Qualitative data collection, processing and analyses

Qualitative data collection was carried out in October of every year, from 2011 to 2013.

Unstructured open-ended group discussions with CHWs were conducted during the feedback sessions in each sub-unit after completion of the MDA every year. Four unstructured aide memoirs designed to promote open-ended responses were provided to stimulate the discussions [19]. The following aide memoirs were asked during the discussion: what were the CHW’s experiences and challenges faced during the MDA, what opportunities (if any) were available for CHWs to take advantage of, what were the perspectives of other community members regarding the MDA and what were the CHW recommendations on improving the MDA (Additional file 1). In addition to the general areas covered, the specific discussion direction was guided by how people responded to the aide memoirs, rather than by set questions.

Descriptive statistics were calculated for CHW demographic variables, socio-economic characteristics and amount of experience. The narratives during the group discussions were recorded using a digital audio recorder, transcribed verbatim in the native language of the study site of the participants (Dholuo), translated into English where applicable, and then verified for accuracy by another research assistant fluent in both Dholuo and English. Transcripts were then imported into

ATLAS t.i. qualitative data analysis software (Berlin, Germany) for analysis. Thematic decomposition of data and content analysis was done using a three phase coding system and following the principle of interpretative phenomenological analysis (IPA) as previously described [16]. The objective of IPA is to explore insiders’ opinions and beliefs related to their experience of a particular phenomenon [20]. Based on IPA, themes are considered to be direct representations of the phenomenon under study [21], an approach that provides an opportunity to explore social cognition and assumes that one’s interpretations of his or her experiences reflect the true nature of the phenomena [16], which in this case are the experiences and perspectives of the CHWs on the praziquantel MDA using the CDI strategy. Coding for identified themes was done using a three phase coding system (i) the primary researchers performed an initial scan of the transcripts that were imported into ATLAS t.i. qualitative analysis software, for the purpose of familiarization, highlighting words or phrases used by the participants, and establishing initial themes. Members of the research team identified the core themes through a process of collaborative analysis and linked the core themes to the aims of the study; (ii) the researchers focused on connecting themes and finding links in the data; and (iii) the primary researcher reread the data and assigned excerpts that illustrate the final themes. Narrative text was applied around the themes, with quotes used to illustrate the text and communicate its meaning to the reader. Decision trails were documented to guarantee that interpretations were supported by the data.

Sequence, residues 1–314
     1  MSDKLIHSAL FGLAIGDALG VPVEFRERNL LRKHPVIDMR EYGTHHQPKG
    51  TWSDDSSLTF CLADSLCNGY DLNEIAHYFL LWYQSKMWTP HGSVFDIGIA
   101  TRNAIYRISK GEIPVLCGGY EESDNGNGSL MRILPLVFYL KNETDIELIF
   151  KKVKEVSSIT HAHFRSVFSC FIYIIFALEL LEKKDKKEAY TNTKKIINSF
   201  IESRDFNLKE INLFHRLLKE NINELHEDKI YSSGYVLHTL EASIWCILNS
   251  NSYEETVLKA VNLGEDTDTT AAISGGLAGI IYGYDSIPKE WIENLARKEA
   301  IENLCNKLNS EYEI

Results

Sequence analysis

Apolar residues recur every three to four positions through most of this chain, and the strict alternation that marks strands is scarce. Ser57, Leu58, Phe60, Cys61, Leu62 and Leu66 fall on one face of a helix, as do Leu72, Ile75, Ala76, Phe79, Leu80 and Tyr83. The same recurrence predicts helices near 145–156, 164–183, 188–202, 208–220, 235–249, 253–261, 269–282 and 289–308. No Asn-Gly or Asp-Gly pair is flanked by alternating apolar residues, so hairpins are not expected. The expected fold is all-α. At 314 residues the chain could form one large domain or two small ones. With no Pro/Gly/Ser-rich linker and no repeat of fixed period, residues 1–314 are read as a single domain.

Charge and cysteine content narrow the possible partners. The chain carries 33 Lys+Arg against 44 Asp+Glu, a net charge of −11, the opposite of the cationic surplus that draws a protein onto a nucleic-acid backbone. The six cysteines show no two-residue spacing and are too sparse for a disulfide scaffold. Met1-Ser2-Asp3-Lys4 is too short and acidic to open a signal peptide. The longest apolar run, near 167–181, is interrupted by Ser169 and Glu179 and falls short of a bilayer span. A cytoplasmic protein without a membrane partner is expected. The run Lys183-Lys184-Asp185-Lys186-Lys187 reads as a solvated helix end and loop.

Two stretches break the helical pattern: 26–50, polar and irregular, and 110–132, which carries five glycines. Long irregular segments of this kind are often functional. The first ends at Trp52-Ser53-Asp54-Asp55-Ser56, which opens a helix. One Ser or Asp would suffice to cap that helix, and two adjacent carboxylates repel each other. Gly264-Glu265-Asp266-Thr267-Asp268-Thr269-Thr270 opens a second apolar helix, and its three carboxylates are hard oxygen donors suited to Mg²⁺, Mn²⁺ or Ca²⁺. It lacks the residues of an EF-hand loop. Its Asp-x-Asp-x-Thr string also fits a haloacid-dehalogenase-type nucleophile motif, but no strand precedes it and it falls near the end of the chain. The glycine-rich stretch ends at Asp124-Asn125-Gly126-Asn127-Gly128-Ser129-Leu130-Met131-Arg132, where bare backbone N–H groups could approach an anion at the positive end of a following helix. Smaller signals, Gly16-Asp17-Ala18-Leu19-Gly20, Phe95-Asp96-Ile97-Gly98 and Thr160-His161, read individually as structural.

Results

Characteristics of CHWs

We described the CHWs by their demographic, socio-economic characteristics, and by number of trainings on health issues undertaken (Table 1). Of the 18 CHWs that participated in the study, 44.4 % (N = 8) were males and 55.6 % (N = 10) were females. The mean age of CHWs was 31.9 years; 72 % (N = 13) of the CHWs were married, 22 % (N = 4) were single, whereas 5.6 % (N = 1) were separated. All the CHWs attained some level of education; 78 %, (N = 14) attained secondary education and 22 % (N = 4) had attained postsecondary education. All the CHWs were christians and had over 3 health training (Table 1). At the time of the study, the government was not providing any form of payment to the CHWs.
Table 1

Socio-demographic characteristics of the 18 community health workers

Description

Frequency (N = 18)

Percentage (%)

Gender

 Male

8

44.4

 Female

10

55.6

Age in years

 20-24

2

11.1

 25-29

4

22.2

 30-34

8

44.4

 35-39

4

22.2

Educational level

 Primary educationa

0

0

 Secondary educationa

14

77.8

 College

4

22.2

Marital status

 Single

4

22.2

 Married

13

72.2

 Separated

1

5.6

Religion

 Christianity

18

100

Number of Health Trainings

 1-2 trainings

0

0

  ≥ 3 trainings

18

100

Occupation

 Volunteer work

7

38.9

 Unskilled labour

3

16.7

 Small business

8

44.4

aAttended primary or secondary education even if the level was not completed

Experiences and perceptions by CHWs on MDA using the CDI strategy